Trying to lose those pesky 10 pounds you gained on summer vacation or wondering how to prevent packing them on over the holidays? Oodles of new research has uncovered ways to trim 100 calories or more from your diet without skimping on flavor. While it doesn't sound like much, shaving off 100 calories a day could help you trim 10 or more pounds a year—even if you never set foot in the gym.
Get started today with these science-backed calorie-cutting shortcuts that'll help you maintain healthy curves all year long. (But first, learn the 8 Things You Didn't Know About Calories to make sure you )
1. Dim the Lights
Regardless of what you thought as a kid, it turns out the dark isn't so scary after all. A new study from Cornell University says the secret to eating less—and feeling more satisfied about what you do eat—could be as simple as turning down the lights.
2. Be a straight shooter
They might look stylish, but swanky, curved drinking glasses on your table could lead to saddlebags on your thighs and a spare tire around your middle. A British study found that people consumed 60 percent more alcohol, sugary sodas, and juices if the glass they drank from was curvy, rather than a straight tumbler. The researchers speculate that people drink faster from the curvy glasses because it's harder to tell when you're at the halfway point, so you reach for another drink sooner and end up consuming more.
To space out your sips and feel satisfied sooner, pour yourself a drink (alcoholic or non-alcoholic) in a straight-shaped glass. If you end up drinking 60 percent less than you normally would, that's about 67 calories saved at breakfast if an 8 oz glass of orange juice is a morning staple; 48 calories saved at lunch if you're sipping a sweetened iced tea; or about 40 fewer Chardonnay calories consumed at dinner or happy hour.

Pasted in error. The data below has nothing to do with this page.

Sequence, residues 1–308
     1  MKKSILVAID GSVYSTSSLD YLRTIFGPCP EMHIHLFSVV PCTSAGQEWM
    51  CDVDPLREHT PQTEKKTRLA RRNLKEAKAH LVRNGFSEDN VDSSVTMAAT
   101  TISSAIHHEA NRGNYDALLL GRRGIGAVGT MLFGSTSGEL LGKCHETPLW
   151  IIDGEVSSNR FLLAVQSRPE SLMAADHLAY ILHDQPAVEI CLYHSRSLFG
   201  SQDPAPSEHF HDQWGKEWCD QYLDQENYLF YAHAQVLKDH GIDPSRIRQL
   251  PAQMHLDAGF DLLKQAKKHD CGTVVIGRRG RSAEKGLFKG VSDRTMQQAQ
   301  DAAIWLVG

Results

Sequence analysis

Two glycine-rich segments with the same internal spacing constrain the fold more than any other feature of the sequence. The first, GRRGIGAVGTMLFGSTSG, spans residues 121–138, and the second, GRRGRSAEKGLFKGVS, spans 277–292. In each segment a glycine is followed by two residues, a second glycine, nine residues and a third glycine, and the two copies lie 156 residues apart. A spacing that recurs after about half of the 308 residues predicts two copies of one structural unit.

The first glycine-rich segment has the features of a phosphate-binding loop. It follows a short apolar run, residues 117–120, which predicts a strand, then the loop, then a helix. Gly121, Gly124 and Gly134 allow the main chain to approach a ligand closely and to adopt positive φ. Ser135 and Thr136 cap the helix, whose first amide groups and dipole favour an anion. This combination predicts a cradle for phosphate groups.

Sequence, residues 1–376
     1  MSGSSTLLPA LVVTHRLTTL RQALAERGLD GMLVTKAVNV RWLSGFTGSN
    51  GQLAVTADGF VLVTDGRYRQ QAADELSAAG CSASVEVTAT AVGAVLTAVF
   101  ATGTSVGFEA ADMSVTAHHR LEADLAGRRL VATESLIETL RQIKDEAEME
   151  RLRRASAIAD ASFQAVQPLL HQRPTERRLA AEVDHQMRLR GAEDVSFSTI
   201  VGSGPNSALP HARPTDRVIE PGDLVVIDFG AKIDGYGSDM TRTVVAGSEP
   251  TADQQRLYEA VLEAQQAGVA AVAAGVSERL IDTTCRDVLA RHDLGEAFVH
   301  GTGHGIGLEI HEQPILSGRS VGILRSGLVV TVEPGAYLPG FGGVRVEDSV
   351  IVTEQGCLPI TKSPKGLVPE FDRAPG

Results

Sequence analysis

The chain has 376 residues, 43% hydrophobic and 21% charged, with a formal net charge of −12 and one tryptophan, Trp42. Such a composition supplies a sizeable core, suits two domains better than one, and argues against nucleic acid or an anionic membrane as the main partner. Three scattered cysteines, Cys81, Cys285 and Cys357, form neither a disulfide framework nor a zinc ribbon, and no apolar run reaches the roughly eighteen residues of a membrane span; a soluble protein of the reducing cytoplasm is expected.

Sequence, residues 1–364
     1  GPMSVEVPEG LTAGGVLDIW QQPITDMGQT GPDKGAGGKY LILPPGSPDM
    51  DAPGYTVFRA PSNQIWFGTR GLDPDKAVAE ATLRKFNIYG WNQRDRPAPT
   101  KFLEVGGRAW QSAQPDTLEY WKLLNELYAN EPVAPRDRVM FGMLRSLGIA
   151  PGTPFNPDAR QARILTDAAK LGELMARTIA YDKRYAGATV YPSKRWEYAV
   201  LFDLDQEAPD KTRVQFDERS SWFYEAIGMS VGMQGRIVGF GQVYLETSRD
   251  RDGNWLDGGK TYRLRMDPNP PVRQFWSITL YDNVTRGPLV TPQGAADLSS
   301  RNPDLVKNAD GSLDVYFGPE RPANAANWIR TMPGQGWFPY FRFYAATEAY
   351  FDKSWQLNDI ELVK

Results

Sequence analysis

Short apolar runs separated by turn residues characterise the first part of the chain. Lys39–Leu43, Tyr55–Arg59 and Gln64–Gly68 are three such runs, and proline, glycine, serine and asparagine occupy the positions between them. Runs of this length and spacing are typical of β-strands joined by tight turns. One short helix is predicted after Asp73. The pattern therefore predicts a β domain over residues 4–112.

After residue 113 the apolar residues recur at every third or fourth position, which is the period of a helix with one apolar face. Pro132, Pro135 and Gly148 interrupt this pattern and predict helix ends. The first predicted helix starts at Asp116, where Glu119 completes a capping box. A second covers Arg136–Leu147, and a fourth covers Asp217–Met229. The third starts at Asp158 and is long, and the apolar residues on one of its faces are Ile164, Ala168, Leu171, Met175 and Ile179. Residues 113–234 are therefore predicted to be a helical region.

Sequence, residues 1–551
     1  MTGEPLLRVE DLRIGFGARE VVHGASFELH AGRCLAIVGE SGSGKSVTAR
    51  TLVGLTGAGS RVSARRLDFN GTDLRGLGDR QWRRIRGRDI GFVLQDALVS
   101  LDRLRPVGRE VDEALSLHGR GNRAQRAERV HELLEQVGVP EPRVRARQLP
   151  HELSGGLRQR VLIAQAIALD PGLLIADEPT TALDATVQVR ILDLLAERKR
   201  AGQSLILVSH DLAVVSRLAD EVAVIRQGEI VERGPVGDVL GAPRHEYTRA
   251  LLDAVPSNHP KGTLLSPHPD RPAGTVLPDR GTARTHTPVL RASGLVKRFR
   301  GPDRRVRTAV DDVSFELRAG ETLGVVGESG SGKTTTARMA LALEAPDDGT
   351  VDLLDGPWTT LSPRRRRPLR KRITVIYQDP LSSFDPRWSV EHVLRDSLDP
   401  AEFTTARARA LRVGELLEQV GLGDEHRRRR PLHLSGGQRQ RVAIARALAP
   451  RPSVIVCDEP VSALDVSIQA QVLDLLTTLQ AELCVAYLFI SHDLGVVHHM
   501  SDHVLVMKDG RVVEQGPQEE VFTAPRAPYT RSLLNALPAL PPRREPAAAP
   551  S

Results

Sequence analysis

3. Grab a Few Winks
Got a bad case of the head bobs? Several studies say you could wind up hungrier than if you were bright-eyed and bushy-tailed. One study from the Mayo Clinic shows getting less than six and a half hours of sleep a night can lead to consuming as many as 500 excess calories in a day.
Being sleep deprived can increase how hungry you feel and lead to downing more calories than you'd eat if you weren't exhausted, says Manfred Hallschmid, PhD, department of medical psychology and behavioural neurobiology, University of Tubingen and lead researcher of a separate study on sleep and calorie consumption. "Sleep deprivation can raise levels of appetite hormones like ghrelin," he says. Surging levels of ghrerlin, the hormone that revs up your appetite, can lead to eating hundreds of extra calories than when you're well-rested, according to Dr. Hallschmid.